Oh good god, I don’t feel like I can successfully list all the characters in this car crash. I mean, it definitely includes Prince Adam, Cringer, He-Man, Battle-Cat, Adora, Spirit, She-Ra, Swift Wind, Man-at-Arms, Orko, Teela, Glimmer, Bow, Kowl, Alicia, Miguel, King Randor, Queen Marlena, Madame Razz, Broom, Stratos, Fisto, Snout Spout, Sy-Klone, Moss Man, Ram Man, Mechaneck, Zodak, Man-e-Faces, Flutterina, Peekablue, Frosta, Castaspella, Queen Angela, Perfuma, Mermista, Sea Hawk, the Twiggets, Dree Elle, Yuckers, the Widgets, Loo-Kee, Skeletor, Hordak, Two Bad, Webstor, Rattlor (who’s working for Skeletor this time, though he only has one line, and it’s not to explain what he’s doing there), Spikor, Catra, Modulok, Multibot, Horde Prime, the Monstroids, the Manchines (including Relay), and Alicia and Miguel’s parents, but for all I know it includes billions of others too.
Excuse given for Adora and Adam’s transformations
Despite numerous transformations, some of which take place in the easily over-looked Palace courtyard, neither Adam nor Adora nor anyone else seek to explain their absence.
Fittingly for a feature-length episode, we’ve got a feature-sized quantity of insults. We start relatively sedately, with Two-Bad’s purple head calling his blue one a “lamebrain”, and the blue head retaliating with “motormouth”.
Once Two-Bad’s got his little personality disorder out of the way, the majority of the rest of the insults are directed at Skeletor or the Monstroids. Swift Wind refers to the Monstroids as “evil robots”, whereas Hordak considers one of them to be a “bucket of bolts”. He-Man and She-Ra get in on the act with “metal-mouth” and “iron head” respectively. None of these insults is particularly imaginative, but everyone’s just warming up at this stage.
Hordak’s in a foul mood with Skeletor this week, calling him “bone-brain”, “bonehead” and “skull-faced scoundrel” on various occasions. He-Man’s heart doesn’t seem to be in it, but he does at least contrive to join in by calling Skeletor a “bone-face”. Skeletor doesn’t even dignify this with a response, but does tell Hordak that he’s a “miserable excuse for a villain”. He then refers to Alicia and Miguel as “troublesome tots” and to Relay as a “dratted dog”, a sentiment with which I wholeheartedly concur.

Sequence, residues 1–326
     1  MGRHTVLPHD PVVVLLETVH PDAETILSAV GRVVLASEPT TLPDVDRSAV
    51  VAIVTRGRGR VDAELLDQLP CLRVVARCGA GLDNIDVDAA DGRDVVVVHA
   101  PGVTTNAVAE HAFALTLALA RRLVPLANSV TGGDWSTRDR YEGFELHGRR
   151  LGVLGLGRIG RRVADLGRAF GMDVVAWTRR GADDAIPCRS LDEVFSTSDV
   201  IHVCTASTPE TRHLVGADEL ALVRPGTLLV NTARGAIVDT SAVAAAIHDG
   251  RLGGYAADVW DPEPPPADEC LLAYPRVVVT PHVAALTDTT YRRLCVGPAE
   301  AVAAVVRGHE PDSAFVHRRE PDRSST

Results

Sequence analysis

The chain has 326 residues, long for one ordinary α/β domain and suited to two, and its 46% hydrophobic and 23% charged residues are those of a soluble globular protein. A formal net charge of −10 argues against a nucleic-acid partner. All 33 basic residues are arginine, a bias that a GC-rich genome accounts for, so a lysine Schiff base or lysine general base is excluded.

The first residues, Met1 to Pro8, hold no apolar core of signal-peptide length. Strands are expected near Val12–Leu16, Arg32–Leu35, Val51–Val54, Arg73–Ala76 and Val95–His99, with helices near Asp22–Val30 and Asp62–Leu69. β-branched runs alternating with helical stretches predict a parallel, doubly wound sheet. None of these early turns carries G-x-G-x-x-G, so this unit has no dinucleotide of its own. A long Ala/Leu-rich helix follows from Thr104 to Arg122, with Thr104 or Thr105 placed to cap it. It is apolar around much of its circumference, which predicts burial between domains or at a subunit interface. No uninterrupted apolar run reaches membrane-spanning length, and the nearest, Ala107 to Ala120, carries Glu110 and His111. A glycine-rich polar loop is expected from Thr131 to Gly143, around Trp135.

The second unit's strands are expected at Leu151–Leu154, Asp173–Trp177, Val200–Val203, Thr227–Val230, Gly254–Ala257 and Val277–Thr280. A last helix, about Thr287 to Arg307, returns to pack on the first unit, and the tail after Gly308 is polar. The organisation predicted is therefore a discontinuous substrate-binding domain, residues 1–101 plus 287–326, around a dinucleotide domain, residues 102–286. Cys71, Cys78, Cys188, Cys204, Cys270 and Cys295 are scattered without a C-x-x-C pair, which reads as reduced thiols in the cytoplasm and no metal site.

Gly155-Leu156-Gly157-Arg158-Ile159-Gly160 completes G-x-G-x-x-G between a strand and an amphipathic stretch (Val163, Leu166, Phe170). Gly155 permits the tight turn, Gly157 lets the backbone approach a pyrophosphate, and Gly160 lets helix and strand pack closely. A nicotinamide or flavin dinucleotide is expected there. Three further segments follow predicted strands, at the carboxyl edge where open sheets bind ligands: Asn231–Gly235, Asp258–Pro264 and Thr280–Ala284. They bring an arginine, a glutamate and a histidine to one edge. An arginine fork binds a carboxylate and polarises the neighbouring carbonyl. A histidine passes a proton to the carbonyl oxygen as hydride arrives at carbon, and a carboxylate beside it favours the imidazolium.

Finally, Hordak says that Alicia and Miguel are “goody-goods” and “little fools”, while She-Ra tells Horde Prime that he is a “troublemaker”. This last is entirely accurate, and I suspect Horde Prime is pleased about it, but I’m pretty sure She-Ra wasn’t trying to be complimentary.
Oh No, Bow!
In the scene at the start where our heroes are decorating the Palace, Bow is engrossed in unnecessarily painting a box, which is the most complicated task that anyone dared to assign him. Even so, he’s still got the nerve to tell Peekablue that the stars she’s painting on the wall ought to be purple. Bow is clearly big in the world of interior design, as evidenced by the fact that he lives in a campsite in the woods, and therefore has loads of experience in the subject.
Bow then disappears from the episode, until about halfway through when he pops up again in order to lean against a tree, thrusting his crotch provocatively in the direction of Alicia and Miguel, and to teach them to sing a horrendous song about joy and Christmas spirit. It’s dreadful. Bow’s done some horrific things in the past, but this really does go the extra mile. Go away, Bow. I never want to see you again.
Does it have the Power?
I don’t like being overly negative, especially when it’s plain that the writers and production team have really tried to craft a great Christmas special, but this one has never really done anything for me, and I don’t know why. I think part of the problem is that an awful lot of it comes across as an advert, rather than a story – the Monstroids and the Manchines, in particular, really felt like they were only there to sell toys.
Looking back over the episode summary, I’d say that I enjoyed the Special mostly up to the point where Alicia and Miguel arrived on Eternia, after which it goes downhill quite rapidly with the endless capturing and rescuing of the children. As mentioned above, Skeletor has some brilliant lines when he has custody of the children, but this is pretty much the only point in the whole special at which the dialogue really comes to life.
Speaking of Skeletor, I think I’m more open than many He-Man fans when it comes to his character. I know that his crazy desire to bring the circus to Snake Mountain in The Greatest Show on Eternia infuriated many, but I – while not welcoming it with open arms – didn’t particularly mind. However, his behaviour in this episode is perhaps one step too far. I simply cannot believe that Skeletor would ever do anything good, especially not giving up a reward from Horde Prime for capturing the children. It just doesn’t ring true. My impression of Skeletor is that he can be petty and small-minded (as with the circus incident), but he just doesn’t have it in him to do good.
Everything else this time is pretty much by-the-numbers. He-Man, She-Ra and Hordak are all present and correct, as are the lead supporting casts from the respective shows, but no one does anything inspiring. It’s nice to see Man-at-Arms again, though it would have been good if Teela could have had a few more lines. Glimmer gets short shrift, as always, but who cares about her? In summary, I’m afraid I can’t say I loved this episode, but being honest, if you’re a He-Man fan, you’re going to be watching it this Christmas anyway.